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Br J Ophthalmol. 2007 October; 91(10): 1311–1314.
Published online 2007 May 2. doi:  10.1136/bjo.2007.116038
PMCID: PMC2001010

Ocular involvement in children with localised scleroderma: a multi‐centre study

Maria Elisabetta Zannin, Giorgia Martini, Balu H Athreya, Ricardo Russo, Gloria C Higgins, Fabio Vittadello, Maria Giannina Alpigiani, Mariolina Alessio, Mauro Paradisi, Patricia Woo, and Francesco Zulian, for the Juvenile Scleroderma Working Group of the Pediatric Rheumatology European Society (PRES)



Most of the available documentation in the literature on ocular involvement in localised scleroderma (LS) are descriptions of single cases in adult patients. This article reports the frequency and specific features of ocular involvement in a large cohort of children with juvenile LS (JLS).


Data from a large, multi‐centre, multinational study of children with LS were used to collect and analyse specific information on ocular involvement.


24 out of 750 patients (3.2%) revealed a significant ocular involvement. 16 were female and 8 male. 16 patients (66.7%) had scleroderma “en coup de sabre” (ECDS) of the face, 5 (20.8%) had the linear subtype, 2 (8.3%) had generalised morphea (GM) and one (4.2%) had plaque morphea (PM). Of the 24 patients with eye involvement, 10 patients (41.7%) reported adnexa (eyelids and eyelashes) abnormalities, 7 (29.2%) anterior segment inflammation (5 anterior uveitis, 2 episcleritis) and 3 central nervous system‐related abnormalities. 4 patients presented single findings such as paralytic strabismus (1), pseudopapilloedema (1) and refractive errors (2). Other extracutaneous manifestations were detected in a significantly higher number of patients with ocular involvement and were mostly neurological.


Ocular abnormalities are not unusual in patients with JLS, especially in the ECDS subtype. They are frequently associated with other internal organ involvement, particularly the central nervous system (CNS). Careful ophthalmic monitoring is recommended for every patient with JLS, but is mandatory in those with skin lesions on the face and/or concomitant CNS involvement.

Juvenile localised scleroderma (JLS) is the most frequent subtype of scleroderma in children. It involves mainly the skin and includes four subtypes: plaque morphea (PM), generalised morphea (GM), deep morphea (DM) and linear scleroderma.

Each of these subtypes can involve the face and particularly the orbit. Linear scleroderma of the face, also known as “en coup de sabre” because it resembles the strike of a sword,1 affects the frontoparietal area of the head and often involves the ocular adnexa and even the eye.

The data on ocular involvement in localised scleroderma (LS) consist essentially of single case reports of adult patients with a wide variability of manifestations.2,3,4,5 Very few reports deal with this complication in children.6,7

The aim of the present study was to evaluate the frequency and the characteristics of ocular involvement in a large cohort of children with JLS from a multi‐centre international data collection.


As part of an international project on classification of subtypes of JLS, a data collection form was distributed to 270 paediatric rheumatology and dermatology centres in Europe (166), the USA (42), South America (28), Asia (30), Australia (2) and Africa (2). The aim was to gather information on the following demographic, epidemiological, clinical and laboratory characteristic features of children with JLS:

  • Gender.
  • Age at diagnosis.
  • Clinical subtype according to the Mayo Clinic classification criteria.1 This classification distinguishes five groups of localised scleroderma:
    • plaque morphea (PM)
    • generalised morphea (GM)
    • bullous morphea
    • linear scleroderma including the head–face subtype en coup de sabre (ECDS)
    • deep morphea (DM).
  • Clinical description of the ocular involvement including the residual damage at the last evaluation.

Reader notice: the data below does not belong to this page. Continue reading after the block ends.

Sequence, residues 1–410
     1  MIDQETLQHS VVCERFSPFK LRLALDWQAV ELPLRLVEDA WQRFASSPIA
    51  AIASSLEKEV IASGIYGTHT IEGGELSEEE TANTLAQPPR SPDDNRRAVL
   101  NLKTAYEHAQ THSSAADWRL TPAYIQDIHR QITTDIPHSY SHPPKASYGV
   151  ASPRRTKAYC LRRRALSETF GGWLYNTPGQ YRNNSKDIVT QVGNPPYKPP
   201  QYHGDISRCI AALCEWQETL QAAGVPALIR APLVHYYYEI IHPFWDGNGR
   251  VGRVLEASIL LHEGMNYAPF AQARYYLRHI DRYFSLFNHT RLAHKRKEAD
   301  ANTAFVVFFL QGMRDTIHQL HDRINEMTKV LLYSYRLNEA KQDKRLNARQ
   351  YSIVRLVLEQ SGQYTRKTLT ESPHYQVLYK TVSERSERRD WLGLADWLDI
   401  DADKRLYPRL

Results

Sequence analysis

• The presence of other internal organ involvement, such as the neurological, cardiac, musculoskeletal, respiratory and vascular systems.
  • Autoantibody profile: antinuclear antibodies (ANA), anticardiolipin antibodies (ACL) and rheumatoid factor (RF). Abnormal values were referred to the normal range of laboratory standards of each participating centre.

Since all clinical information was anonymously collected from the patients' charts, Institutional Review Board approval was required only from a minority of centres, mainly in the USA.

Statistical analysis

Demographic, clinical and laboratory characteristics of the patients with ocular involvement were analysed by descriptive statistics. Differences between the two groups of patients, with and without ocular involvement, were analysed by the t test, Χ2 test or Fisher's exact test, as appropriate. A value of p<0.05 was considered significant. All analyses were performed using the SAS statistical software (Version 8.0, SAS Institute Inc., USA).


The clinical information of 750 patients with JLS who were followed at 69 paediatric rheumatology and dermatology centres was reviewed.

Twenty‐four patients (3.2%) had a significant ocular involvement and their clinical characteristics are summarised in intablestables 1 and 22.. The female:male ratio was 1.9:1, and the mean age at the onset of scleroderma was 5 years and 6 months (range 2 months–14.3 years). Follow‐up ranged between 10 months and 22 years (mean 6.6 years).

Table thumbnail
Table 1 Ocular and extraocular involvement in juvenile localised scleroderma
Table thumbnail
Table 2 Characteristics of patients with and without ocular involvement

Sixteen patients (66.7%) had the ECDS variety and 5 (20.8%) had the linear subtype involving the limbs and the trunk. Two patients presented with GM and one with PM.

In the whole group of 113 patients with the ECDS subtype, ocular involvement was present in 16 (14.2%), a significantly higher frequency than in the other subtypes (3.9% in the GM, 1.3% in the linear subtype, 0.8% in the PM).

Several ocular findings have been reported. Adnexal abnormalities involving eyelids and eyelashes or lachrymal glands were the most frequent findings, reported in 10 patients (41.7%), eight with ECDS and two with GM (fig 11).). Anterior segment inflammation (ASI) was present in seven patients (29.2%). Anterior uveitis (AU) was found in five patients and was complicated by secondary glaucoma in one. In all, AU was asymptomatic and unilateral. Two had episcleritis, in one associated with the linear subtype (fig 22),), in another with ECDS.

figure bj116038.f1
Figure 1 A 14‐year‐old boy with linear scleroderma en coup de sabre. Skin hyperpigmentation and atrophy of the forehead extended toward the scalp and the inner part of the eye socket; with loss of the inner third of the upper eyelashes ...
figure bj116038.f2
Figure 2 Episcleritis as an early sign of ocular involvement in a 7‐year‐old boy with linear scleroderma of the lower limb. Parental/guardian informed consent was obtained for publication of this figure.